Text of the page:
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Comment & Response |

Selective vs Nonselective Nonsteroidal Anti-inflammatory Drugs and Anastomotic Leakage After Colorectal Surgery

Fady Saleh, MD, MPH1; Allan Okrainec, MD, MHPE1
[+] Author Affiliations
1Division of General Surgery, University Health Network, Toronto, Ontario, Canada
JAMA Surg. 2015;150(7):684-685. doi:10.1001/jamasurg.2015.0635.
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To the Editor We read with interest the article by Hakkarainen et al1 and wish to commend the authors on their attempt to shed light on the challenging question of nonsteroidal anti-inflammatory drugs (NSAIDs) and the risk for anastomotic leakage after colorectal surgery. A growing body of evidence has implicated NSAIDs, particularly selective NSAIDs, as a risk factor for anastomotic leakage. These types of NSAIDs work by inhibiting the cyclooxygenase (COX) class of enzymes: COX1, which is present throughout the body (including the vascular endothelium, stomach, and kidneys) and COX2, which is predominantly found at the site of injury (triggered by inflammatory mediators).2


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March 1, 2015
Timo W. Hakkarainen, MD, MS; Scott R. Steele, MD; Amir Bastaworous, MD, MBA; E. Patchen Dellinger, MD; Ellen Farrokhi, MD, MPH; Farhood Farjah, MD, MPH; Michael Florence, MD; Scott Helton, MD; Marc Horton, MD; Michael Pietro, MD; Thomas K. Varghese, MD; David R. Flum, MD, MPH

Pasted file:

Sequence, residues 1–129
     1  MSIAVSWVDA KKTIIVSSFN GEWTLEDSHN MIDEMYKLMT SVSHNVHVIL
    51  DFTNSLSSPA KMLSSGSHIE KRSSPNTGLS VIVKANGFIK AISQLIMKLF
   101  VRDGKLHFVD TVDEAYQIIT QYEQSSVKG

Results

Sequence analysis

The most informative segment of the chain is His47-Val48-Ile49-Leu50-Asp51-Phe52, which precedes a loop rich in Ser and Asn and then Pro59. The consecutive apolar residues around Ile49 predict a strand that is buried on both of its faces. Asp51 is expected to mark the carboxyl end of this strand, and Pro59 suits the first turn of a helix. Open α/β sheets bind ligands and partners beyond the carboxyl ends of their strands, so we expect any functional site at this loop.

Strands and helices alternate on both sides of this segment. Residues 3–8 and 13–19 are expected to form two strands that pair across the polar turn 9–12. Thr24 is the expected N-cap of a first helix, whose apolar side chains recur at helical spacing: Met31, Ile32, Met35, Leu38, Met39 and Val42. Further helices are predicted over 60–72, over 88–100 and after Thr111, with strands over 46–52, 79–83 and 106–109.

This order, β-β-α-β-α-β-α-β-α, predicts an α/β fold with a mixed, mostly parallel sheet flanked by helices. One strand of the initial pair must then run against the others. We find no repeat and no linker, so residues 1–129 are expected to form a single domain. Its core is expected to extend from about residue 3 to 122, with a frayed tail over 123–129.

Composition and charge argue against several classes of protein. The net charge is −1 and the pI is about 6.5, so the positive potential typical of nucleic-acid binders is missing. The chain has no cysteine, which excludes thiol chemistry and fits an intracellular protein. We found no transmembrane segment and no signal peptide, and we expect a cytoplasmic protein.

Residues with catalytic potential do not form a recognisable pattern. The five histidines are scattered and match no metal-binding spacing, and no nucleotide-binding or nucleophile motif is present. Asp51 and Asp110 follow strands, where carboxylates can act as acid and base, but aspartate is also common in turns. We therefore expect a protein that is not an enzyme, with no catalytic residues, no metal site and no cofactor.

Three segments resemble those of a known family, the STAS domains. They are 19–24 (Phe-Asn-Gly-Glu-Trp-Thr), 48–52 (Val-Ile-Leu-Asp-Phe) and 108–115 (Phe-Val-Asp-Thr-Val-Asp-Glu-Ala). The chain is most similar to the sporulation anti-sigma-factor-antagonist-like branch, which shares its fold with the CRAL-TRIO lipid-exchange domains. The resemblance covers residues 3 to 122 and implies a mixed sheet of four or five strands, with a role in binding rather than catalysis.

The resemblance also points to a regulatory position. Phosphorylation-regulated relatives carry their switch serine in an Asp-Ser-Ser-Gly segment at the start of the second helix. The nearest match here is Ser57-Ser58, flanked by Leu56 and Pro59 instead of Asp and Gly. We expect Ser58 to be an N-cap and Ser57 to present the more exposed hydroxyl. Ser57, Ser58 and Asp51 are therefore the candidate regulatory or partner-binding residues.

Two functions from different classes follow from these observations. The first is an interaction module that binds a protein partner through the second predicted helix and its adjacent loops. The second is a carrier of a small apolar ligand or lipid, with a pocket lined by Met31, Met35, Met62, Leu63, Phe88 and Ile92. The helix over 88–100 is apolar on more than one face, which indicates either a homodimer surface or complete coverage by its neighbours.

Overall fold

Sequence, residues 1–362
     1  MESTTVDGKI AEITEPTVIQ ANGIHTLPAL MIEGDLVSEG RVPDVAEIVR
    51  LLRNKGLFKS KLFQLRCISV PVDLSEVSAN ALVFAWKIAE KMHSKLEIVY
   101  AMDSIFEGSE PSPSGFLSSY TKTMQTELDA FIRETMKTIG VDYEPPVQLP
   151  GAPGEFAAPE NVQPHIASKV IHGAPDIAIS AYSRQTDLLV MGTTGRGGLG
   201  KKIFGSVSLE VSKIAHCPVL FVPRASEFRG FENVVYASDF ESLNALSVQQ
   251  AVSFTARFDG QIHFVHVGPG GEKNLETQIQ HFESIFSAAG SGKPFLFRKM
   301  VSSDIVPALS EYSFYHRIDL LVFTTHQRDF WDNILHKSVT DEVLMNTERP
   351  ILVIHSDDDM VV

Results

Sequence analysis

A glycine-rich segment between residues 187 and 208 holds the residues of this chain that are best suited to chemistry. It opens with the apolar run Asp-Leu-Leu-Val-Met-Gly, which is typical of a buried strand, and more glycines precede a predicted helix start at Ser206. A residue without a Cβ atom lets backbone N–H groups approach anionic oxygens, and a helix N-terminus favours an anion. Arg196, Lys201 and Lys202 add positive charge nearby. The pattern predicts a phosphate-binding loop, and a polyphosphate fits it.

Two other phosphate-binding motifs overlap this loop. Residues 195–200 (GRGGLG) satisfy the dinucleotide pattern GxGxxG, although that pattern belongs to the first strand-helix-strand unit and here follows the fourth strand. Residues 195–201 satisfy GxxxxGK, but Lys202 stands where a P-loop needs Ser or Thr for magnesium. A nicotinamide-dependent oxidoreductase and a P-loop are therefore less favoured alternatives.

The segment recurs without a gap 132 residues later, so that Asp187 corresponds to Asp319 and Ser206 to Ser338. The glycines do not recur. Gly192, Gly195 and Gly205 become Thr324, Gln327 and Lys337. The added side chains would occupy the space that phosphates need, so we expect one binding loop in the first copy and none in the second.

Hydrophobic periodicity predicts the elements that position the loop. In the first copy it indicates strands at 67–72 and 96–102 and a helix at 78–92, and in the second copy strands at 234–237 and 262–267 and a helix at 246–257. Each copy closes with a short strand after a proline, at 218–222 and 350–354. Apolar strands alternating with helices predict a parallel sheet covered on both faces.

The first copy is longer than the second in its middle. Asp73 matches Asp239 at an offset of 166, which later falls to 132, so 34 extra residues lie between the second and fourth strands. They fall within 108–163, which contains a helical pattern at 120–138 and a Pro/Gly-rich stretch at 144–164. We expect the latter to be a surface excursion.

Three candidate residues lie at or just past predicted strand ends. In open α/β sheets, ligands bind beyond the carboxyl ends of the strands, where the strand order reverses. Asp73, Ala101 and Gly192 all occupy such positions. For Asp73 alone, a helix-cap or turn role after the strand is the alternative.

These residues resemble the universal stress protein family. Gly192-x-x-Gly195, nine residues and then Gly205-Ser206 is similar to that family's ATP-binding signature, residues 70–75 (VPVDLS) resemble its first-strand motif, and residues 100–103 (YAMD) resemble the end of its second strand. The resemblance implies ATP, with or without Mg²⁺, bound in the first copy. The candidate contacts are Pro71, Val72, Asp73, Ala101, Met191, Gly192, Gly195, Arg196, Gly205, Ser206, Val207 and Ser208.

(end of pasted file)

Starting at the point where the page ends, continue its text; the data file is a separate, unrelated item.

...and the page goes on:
1Department of Surgery, University of Washington Medical Center, Seattle
2Department of Surgery, Madigan Army Medical Center, Ft Lewis, Washington
3Department of Surgery, Swedish Medical Center, Seattle, Washington
4Department of General and Vascular Surgery, Providence Medical Center, Everett, Washington
5Department of Surgery, Virginia Mason Medical Center, Seattle, Washington
6Department of Surgery, St Joseph Medical Center, Bellingham, Washington
7Department of Surgery, Harborview Medical Center, Seattle, Washington
JAMA Surg. 2015;150(3):223-228. doi:10.1001/jamasurg.2014.2239.
July 1, 2015
Noel P. Lynch, MCh, MB, Med Sci; Emily Boyle, MD; Eamon G. Kavanagh, MD, FRCSI
1Department of Surgery, University Hospital Limerick, Limerick, Ireland
JAMA Surg. 2015;150(7):685. doi:10.1001/jamasurg.2015.0641.
July 1, 2015
Kevin Doody, BMBS; Margaret Coleman, FFARCSI, MSc, SEM
1Department of Anaesthesia, University Hospital Limerick, Limerick, Ireland
JAMA Surg. 2015;150(7):685-686. doi:10.1001/jamasurg.2015.0644.
July 1, 2015
Thomas M. Drake, BMedSci; Dmitri Nepogodiev, MBChB; Henry A. Claireaux, BSc(Hons)
1Student Audit and Research in Surgery (STARSurg) Steering Group, Birmingham, England
JAMA Surg. 2015;150(7):686. doi:10.1001/jamasurg.2015.0806.
July 1, 2015
Timo W. Hakkarainen, MD, MS; David R. Flum, MD, MPH
1Department of Surgery, University of Washington Medical Center, Seattle
JAMA Surg. 2015;150(7):686-687. doi:10.1001/jamasurg.2015.0638.
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